It's a little strange to listen to Michael Bay complain about how difficult it was to get his next feature film, "Pain & Gain," financed and produced. Especially when you consider that Bay's last three films -- all installments in the "Transformers" franchise -- have earned more than $2.7 billion worldwide. Oh, and that the budget for "Pain and Gain" -- starring Mark Wahlberg and Dwayne Johnson as two Miami bodybuilders who become involved in a kidnapping plot that's much too bizarre to sum up in a few words -- is only $25 million. Again, remember, this is Michael Bay we're talking about. No matter what you think of his movies, you can't deny that they make heaps of money.
I won't lie: Bay is making the rounds to promote not a movie but a corn-chip contest. For the last few years, Doritos has run a contest giving aspiring filmmakers the chance to direct the company's Super Bowl ad. This year, as an added bonus, the winner will also get to "work with" Bay on "Transformers 4." Bay admits that it's unclear what kind of "work" this person will do, but he promises it won't be too menial. Ahead, Bay explains why he wants to work on "Transformers 4" after so adamantly declaring that "Dark of the Moon" would be his last chapter. He also confirms that the series will pick up where the last one left off in Chicago -- with Peter Cullen back as the voice of Optimus Prime -- and describes just how hard it is for even a multi-billion-dollar director to get a $25 million dollar movie off the ground these days.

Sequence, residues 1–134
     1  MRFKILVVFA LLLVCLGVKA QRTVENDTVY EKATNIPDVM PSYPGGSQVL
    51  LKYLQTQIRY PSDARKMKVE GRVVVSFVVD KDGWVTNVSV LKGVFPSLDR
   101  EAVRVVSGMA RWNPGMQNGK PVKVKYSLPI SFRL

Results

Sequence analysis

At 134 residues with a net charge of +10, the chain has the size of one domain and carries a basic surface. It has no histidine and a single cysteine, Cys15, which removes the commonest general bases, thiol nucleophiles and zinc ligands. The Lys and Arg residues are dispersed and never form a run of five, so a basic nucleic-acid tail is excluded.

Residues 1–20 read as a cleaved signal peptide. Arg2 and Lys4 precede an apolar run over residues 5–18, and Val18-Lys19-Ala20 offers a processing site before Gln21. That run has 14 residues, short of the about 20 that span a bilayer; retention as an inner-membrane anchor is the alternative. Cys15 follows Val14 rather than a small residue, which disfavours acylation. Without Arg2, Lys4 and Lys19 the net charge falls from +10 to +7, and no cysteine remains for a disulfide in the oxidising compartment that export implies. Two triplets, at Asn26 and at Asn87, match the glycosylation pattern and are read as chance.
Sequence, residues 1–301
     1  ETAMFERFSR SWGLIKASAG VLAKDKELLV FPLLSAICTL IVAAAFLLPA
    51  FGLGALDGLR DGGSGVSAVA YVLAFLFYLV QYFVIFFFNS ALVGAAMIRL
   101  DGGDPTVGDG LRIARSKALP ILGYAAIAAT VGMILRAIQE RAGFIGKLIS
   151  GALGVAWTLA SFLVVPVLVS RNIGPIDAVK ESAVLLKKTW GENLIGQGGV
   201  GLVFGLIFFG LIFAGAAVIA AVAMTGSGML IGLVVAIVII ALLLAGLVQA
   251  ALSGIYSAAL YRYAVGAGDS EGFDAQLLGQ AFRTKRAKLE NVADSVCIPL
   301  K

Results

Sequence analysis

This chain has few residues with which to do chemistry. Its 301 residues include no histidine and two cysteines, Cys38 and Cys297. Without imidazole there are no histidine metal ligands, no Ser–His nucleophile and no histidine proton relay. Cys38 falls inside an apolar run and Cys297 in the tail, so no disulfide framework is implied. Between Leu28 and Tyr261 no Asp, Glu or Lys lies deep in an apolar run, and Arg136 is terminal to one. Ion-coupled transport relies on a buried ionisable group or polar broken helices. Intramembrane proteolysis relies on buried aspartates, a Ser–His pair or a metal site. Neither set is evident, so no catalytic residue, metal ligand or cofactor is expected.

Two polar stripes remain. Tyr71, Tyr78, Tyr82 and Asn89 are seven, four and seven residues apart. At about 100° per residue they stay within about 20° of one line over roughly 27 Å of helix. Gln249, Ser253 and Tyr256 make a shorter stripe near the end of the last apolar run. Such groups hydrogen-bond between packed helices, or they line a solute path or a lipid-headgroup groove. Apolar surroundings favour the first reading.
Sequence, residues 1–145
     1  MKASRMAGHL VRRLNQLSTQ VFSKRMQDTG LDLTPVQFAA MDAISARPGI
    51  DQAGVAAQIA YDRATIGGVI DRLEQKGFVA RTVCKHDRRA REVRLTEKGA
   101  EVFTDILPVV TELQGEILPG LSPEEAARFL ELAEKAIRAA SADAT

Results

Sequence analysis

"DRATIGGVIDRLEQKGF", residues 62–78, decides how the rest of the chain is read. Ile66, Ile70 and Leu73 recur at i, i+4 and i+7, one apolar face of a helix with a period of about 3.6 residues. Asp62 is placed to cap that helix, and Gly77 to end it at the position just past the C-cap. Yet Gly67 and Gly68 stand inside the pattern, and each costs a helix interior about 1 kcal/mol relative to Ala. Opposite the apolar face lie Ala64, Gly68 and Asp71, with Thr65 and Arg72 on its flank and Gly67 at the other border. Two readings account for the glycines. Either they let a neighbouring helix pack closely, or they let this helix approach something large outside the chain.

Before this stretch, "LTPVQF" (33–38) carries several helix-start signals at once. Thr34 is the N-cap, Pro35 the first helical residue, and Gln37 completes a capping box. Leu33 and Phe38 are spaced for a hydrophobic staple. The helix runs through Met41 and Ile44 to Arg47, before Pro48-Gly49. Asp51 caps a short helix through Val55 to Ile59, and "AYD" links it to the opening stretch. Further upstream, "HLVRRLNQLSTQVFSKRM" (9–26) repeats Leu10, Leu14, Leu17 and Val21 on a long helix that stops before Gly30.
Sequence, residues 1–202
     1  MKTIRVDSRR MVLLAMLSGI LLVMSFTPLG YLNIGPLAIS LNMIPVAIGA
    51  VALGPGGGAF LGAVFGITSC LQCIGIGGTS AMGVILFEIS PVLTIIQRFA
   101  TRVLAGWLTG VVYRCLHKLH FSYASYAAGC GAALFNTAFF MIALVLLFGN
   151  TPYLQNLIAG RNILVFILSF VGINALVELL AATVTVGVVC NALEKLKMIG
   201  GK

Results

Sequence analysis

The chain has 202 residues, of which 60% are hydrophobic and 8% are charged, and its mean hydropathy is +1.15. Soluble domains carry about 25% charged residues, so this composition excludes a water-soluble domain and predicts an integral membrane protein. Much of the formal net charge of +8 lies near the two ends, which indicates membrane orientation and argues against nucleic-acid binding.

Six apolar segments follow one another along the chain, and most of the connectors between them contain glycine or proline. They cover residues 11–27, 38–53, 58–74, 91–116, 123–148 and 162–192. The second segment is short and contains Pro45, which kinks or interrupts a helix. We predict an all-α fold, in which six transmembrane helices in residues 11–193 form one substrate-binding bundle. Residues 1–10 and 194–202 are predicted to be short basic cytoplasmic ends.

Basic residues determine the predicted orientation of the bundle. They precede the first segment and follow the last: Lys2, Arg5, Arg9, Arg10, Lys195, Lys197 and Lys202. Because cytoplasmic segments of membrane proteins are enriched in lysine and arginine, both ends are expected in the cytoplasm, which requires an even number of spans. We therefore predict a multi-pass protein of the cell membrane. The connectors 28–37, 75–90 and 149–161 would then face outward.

You seem like a busy guy.
[Laughs] I am. A little bit. I've got TV shows going, trying to develop "Transformers 4," finishing "Pain & Gain" right now -- it's a fun movie.
Why do you want to do it? I was under the impression that you were done after "Transformers 3"?
I thought I was done. Then the ride came out [at Universal Studios Hollywood] and the two-and-a-half-hour lines. And then you're thinking, Oh my God, someone's going to take this over. And you start doing a lot of soul-searching. Like, OK, I'm about to do a little movie, "Pain & Gain" ... and the studio says they want to restart the franchise. And someone could come in here and screw it up, you know? So I'm thinking that if I do this last one, we set it on a new footing, we change a lot of things -- but we keep the history of the three in place. But we broaden it so it can be set up and be carried on -- it would have a better chance for survival, I guess. You know?
So it was just one of those things. It's like, when you look what's going on in the film business with the franchise frenzy right now, why is Cameron doing two more "Avatar" movies? Why is Peter Jackson doing three more "Hobbit" movies that are in the same world as "Lord of the ringy dingy ding-a-ling dings"? When you have a franchise, it's very hard to give it up.